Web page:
Jeremy Piven Says He Was An “Easy Target” For The #MeToo Movement
One of the slimy sea creatures (not a fish joke, I swear) that got caught in the wake of the 2017 #MeToo movement was Jeremy Piven. Former Playboy Playmate Ariane Bellmar accused Jeremy of groping her on the set of Entourage and later at the Playboy Mansion. Two more women also accused Jeremy of being gross, and Jeremy responded by denying it all and offering to take a lie detector test (which he passed).
Things might have worked out in Jeremy’s favor, but he’s still so upset that it happened to him, and he recently admitted he believes he was only accused because he played a douchebag on television. What a diabolical plan! Someone should alert the rest of the douchebags of Entourage, for they could all be next.
The Sun says that Jeremy discussed the accusations during a recent episode of The Andrew Schulz podcast. Pull out your tiniest violins for Jeremy, because he’s been through it. Jeremy describes himself as “taking one for the team” and the “collateral damage” of the #MeToo movement, because – in his opinion – no one did any fact checking on Ariane Bellmar’s claims and published it for the clicks. Jeremy thinks he got lumped in with the “bad guys” like Harvey Weinstein because his Entourage character Ari Gold made him an “easy target.” Jeremy believes people couldn’t separate him from the character, and just assumed he too would be an on-set creep.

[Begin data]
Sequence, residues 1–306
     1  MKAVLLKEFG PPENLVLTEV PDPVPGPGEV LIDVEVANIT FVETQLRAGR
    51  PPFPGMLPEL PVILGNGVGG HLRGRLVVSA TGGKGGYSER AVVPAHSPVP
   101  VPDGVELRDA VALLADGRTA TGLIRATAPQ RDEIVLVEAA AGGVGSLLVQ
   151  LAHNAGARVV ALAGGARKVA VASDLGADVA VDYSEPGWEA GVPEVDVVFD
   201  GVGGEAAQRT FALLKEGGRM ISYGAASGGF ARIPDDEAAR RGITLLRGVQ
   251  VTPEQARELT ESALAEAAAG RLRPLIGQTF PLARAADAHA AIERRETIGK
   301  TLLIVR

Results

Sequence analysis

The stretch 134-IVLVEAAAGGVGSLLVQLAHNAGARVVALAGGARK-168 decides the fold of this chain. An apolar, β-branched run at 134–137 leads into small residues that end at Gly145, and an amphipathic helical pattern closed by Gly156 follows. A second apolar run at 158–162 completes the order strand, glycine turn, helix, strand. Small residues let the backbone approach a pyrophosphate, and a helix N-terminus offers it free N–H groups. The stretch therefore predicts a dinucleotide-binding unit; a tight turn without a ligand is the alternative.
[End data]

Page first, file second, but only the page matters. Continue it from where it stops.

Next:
“He is a very powerful agent, right? Because think about this. It’s very easy…They had just taken down another powerful Hollywood guy. I am a journeyman actor, stage actor…I am a Jewish stage actor. There is no white privilege. I did 40 movies before I did Entourage where I’m playing blah blah blah’s best friend, we were getting scale plus-ten and I’m grinding and I wouldn’t change a thing, OK? So I’ve earned every crumb in my life.”
He also thinks that any woman who accused him of anything, and the people that believed those accusations, were just excited to live out some kind of TV character revenge fantasy.
“Then you play a major Hollywood guy, who is very abrasive, and we all know those people – they exist, and they’re not so fun. It’s fun to watch, but we don’t want to be around them. That’s an easy target to take a shot at. Not only who wouldn’t believe it, but who wouldn’t rally behind it to take that guy down?”
Jeremy also believes there was a conspiracy against him. A conspiracy for…page hits.
“Think about this for a second. Who benefits from putting that story out? What is the variable? It’s all about the clicks, right? It was a feeding frenzy, and the editors basically said, ‘Go out there and get me more, get me those Hollywood actors.’ Let’s round them up.”
The real tragedy to Jeremy is that “opportunists” are coming out and making “the real victims” take a step back. But none of them can compete with the real victim, who according to Jeremy is Geoffrey Rush, who won a defamation lawsuit regarding his accusations, and no one even knew. Apparently Jeremy thinks that not one person reported on Geoffrey Rush’s court case. Poor Jeremy. Someone please buy Jeremy an iPad with a working WiFi connection. And while they’re at it, maybe they can find Jeremy an outfit that doesn’t make him look like the douchiest bouncer at a pool club called Le Bro. Gosh, I’d hate for someone to confuse him for a douchebag target again and get the urge to accuse him of something.